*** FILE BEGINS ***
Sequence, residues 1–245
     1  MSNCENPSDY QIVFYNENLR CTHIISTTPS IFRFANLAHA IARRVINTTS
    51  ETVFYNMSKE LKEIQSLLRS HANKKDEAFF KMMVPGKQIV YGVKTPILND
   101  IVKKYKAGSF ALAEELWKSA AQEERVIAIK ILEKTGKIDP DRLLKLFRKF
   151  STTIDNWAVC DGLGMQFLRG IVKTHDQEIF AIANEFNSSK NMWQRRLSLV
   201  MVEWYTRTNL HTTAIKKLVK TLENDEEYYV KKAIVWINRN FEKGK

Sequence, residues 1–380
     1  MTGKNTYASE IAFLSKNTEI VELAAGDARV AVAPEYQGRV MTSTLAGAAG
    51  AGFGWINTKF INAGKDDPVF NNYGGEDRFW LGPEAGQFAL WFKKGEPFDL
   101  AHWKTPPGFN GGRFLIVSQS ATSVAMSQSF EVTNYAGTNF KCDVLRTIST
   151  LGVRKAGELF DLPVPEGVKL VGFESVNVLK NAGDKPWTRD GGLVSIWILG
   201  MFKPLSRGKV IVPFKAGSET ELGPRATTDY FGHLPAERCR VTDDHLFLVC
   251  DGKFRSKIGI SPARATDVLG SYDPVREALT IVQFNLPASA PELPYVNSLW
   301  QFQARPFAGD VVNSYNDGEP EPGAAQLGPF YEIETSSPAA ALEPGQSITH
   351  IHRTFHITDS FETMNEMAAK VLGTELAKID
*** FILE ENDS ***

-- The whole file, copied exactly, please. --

Sequence, residues 1–245
     1  MSNCENPSDY QIVFYNENLR CTHIISTTPS IFRFANLAHA IARRVINTTS
    51  ETVFYNMSKE LKEIQSLLRS HANKKDEAFF KMMVPGKQIV YGVKTPILND
   101  IVKKYKAGSF ALAEELWKSA AQEERVIAIK ILEKTGKIDP DRLLKLFRKF
   151  STTIDNWAVC DGLGMQFLRG IVKTHDQEIF AIANEFNSSK NMWQRRLSLV
   201  MVEWYTRTNL HTTAIKKLVK TLENDEEYYV KKAIVWINRN FEKGK

Sequence, residues 1–380
     1  MTGKNTYASE IAFLSKNTEI VELAAGDARV AVAPEYQGRV MTSTLAGAAG
    51  AGFGWINTKF INAGKDDPVF NNYGGEDRFW LGPEAGQFAL WFKKGEPFDL
   101  AHWKTPPGFN GGRFLIVSQS ATSVAMSQSF EVTNYAGTNF KCDVLRTIST
   151  LGVRKAGELF DLPVPEGVKL VGFESVNVLK NAGDKPWTRD GGLVSIWILG
   201  MFKPLSRGKV IVPFKAGSET ELGPRATTDY FGHLPAERCR VTDDHLFLVC
   251  DGKFRSKIGI SPARATDVLG SYDPVREALT IVQFNLPASA PELPYVNSLW
   301  QFQARPFAGD VVNSYNDGEP EPGAAQLGPF YEIETSSPAA ALEPGQSITH
   351  IHRTFHITDS FETMNEMAAK VLGTELAKID